Where a directive required CE marking and UK regulations were already detailed, the amendments are limited to:
- Replacing the CE mark with the UKCA mark.
- Limiting applicability to products for the UK market.
- Changing references to Notified Bodies to Approved Bodies.
- Changing language references to English.
The British Standards Institution (BSI) emphatically maintains its commitment to the European Standards (EN) and international standards systems, and harmonised standards remain best practice for both CE marking and UKCA marking. The UK regulations term them designated standards and the lists of harmonised and designated standards are largely the same. BSI is unlikely to withdraw EN standards but in time the UK designated list is likely to differ slightly as UK authorities such as the Health and Safety Executive (HSE) bring their influence to bear on standards which they do not like.
UKCA marking is the responsibility of the person/company who places the product on the GB market for the first time, or in some cases, for example machinery where it may not have been placed on the market, the person who puts it into service for the first time. This duty primarily rests with the manufacturer, aspects of which may be performed by the manufacturer’s authorised representative, although this must be agreed in writing between the parties.
But it can also apply to those who import and place products on the GB market for the first time, particularly where goods are not yet compliant, for example those without UKCA marking or CE marking, and those who rebrand products made by another to supply under their own brand name.
How to use the UKCA marking
By affixing UKCA marking you take on responsibility for the conformity of the product. UKCA marking is a visible sign that the product complies with all relevant product supply legislation, and its presence together with the Declaration of Conformity and/or Performance gives the product to which it is affixed a presumption of conformity with relevant product legislation.
However, the UKCA mark is not a quality mark, nor a guarantee that the product actually meets all of the requirements of relevant product law. UKCA marking, just like CE marking, is the final stage of the conformity assessment process as specified in the relevant legislation for the product.
Placing the UKCA mark on a product signifies that you accept and acknowledge full responsibility for its conformity with the relevant legislation’s requirements. The UKCA mark itself is not evidence of compliance, but your technical documentation/technical file is. A Declaration of Conformity is a legal claim that products comply with applicable directives and standards, though it is not evidence of compliance.
As well as the official Declaration, you must keep records of your product’s conformity with regulatory requirements. You or, if permitted in the relevant legislation, your authorised representative must provide this documentation and keep it accessible for up to 10 years after placing the product on the market. Market surveillance or enforcement authorities are empowered to request these records from you at any time, so that they can confirm that your products are in compliance.
The information you provide in these records will vary in accordance with the specific legislation for each product.
In general terms, records need to demonstrate:
- How the product was technically designed and manufactured.
- How the product proves its conformity with the relevant requirements.
- The manufacturer’s address and that of any storage facilities for the product.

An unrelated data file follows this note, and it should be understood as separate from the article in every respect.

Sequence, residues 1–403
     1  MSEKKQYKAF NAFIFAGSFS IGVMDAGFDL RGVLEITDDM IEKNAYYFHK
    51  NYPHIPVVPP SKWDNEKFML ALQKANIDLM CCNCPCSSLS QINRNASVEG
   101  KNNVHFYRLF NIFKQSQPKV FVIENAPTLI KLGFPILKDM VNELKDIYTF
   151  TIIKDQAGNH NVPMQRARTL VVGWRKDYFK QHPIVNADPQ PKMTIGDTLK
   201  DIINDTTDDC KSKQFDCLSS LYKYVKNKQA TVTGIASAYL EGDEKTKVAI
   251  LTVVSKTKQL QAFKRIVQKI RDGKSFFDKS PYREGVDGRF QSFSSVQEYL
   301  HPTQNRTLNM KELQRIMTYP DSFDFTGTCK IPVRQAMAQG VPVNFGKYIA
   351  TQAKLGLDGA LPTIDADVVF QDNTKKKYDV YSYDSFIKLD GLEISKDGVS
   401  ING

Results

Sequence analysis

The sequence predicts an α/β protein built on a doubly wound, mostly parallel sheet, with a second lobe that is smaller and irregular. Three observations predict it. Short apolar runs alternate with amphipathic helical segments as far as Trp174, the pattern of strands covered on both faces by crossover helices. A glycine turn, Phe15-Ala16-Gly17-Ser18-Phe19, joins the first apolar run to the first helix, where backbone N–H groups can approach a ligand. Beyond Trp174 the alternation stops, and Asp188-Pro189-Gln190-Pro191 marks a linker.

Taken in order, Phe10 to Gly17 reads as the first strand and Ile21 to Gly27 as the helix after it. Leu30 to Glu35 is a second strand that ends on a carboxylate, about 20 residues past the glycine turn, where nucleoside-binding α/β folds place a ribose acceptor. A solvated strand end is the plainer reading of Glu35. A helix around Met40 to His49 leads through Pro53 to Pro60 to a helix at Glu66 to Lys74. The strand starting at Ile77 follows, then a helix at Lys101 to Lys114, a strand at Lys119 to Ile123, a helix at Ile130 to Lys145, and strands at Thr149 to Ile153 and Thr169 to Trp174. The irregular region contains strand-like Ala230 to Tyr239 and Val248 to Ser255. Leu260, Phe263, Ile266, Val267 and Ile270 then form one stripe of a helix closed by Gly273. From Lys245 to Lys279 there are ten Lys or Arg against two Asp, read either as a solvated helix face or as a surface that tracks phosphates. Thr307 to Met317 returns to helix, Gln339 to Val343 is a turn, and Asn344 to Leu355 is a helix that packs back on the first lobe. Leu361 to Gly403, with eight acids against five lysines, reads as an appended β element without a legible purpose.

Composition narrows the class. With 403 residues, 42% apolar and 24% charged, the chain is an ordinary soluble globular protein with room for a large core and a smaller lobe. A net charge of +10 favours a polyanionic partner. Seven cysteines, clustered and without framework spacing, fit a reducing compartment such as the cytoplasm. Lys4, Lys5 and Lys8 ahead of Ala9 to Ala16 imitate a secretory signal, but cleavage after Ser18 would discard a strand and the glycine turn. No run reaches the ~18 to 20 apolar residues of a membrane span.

This information should be collated as a technical file which you can supply to a market surveillance authority if requested.
What are the rules for using the UKCA image?
The Government has drawn up guidelines to tell you how the new UKCA mark should be designed and displayed.
If UKCA marking is required you must:
- Use the initials “UKCA” in the prescribed form, although you can vary the form of the mark, for example by using outline lettering rather than a solid fill, subject to the provisions of visibility, legibility, and proportion.
- The initials must be of a minimum size, that is at least 5mm tall, unless this is not possible for very small products.
- Maintain the proportions shown whatever the size of the UKCA marking.
- Attach the UKCA marking to the product visibly, legibly, and indelibly.
- Where possible position the UKCA marking next to the name of the manufacturer, importer etc.
- Only place the UKCA marking on a product when the legislation specifically requires you to do so.
- Ensure that no other marking or sign is placed on the product that might lead third parties to misconstrue the UKCA marking’s form or meaning.
- Ensure that no other markings are attached to the product which might affect the legibility, meaning or visibility of the UKCA mark.
If the appearance and workmanship of a product do not allow for the UKCA marking to be affixed on the product itself, the marking has to be affixed to its packaging or accompanying documents or literature, such as manuals or technical files. Where you place the UKCA mark is usually governed by specific regulations applicable to each product. You may affix additional markings to a product, provided they fulfil the above requirements and perform a function that differs from the UKCA marking. The UKCA marking is mandatory for those products it applies to.
Only the manufacturer or an authorised representative of the manufacturer, if the relevant legislation permits, may place UKCA markings on a product.
The UKCA marking system is a revision of the system used when the UK was part of the EEA, and will now follow UK legislation rather than that issued by the EU. The products which require the conformity assessment are pretty much the same as before, with the inclusion of aerosol products which were previously separate.
Manufacturers will have the same responsibilities for assessing and declaring their products’ conformity, and consumers will be able to place the same confidence in the safety of manufactured goods as they did before. The main difference in the new legislation is that it doesn’t currently cover Northern Ireland, and there will be some cross-over between CE marking and UKCA marking until this Brexit issue is resolved.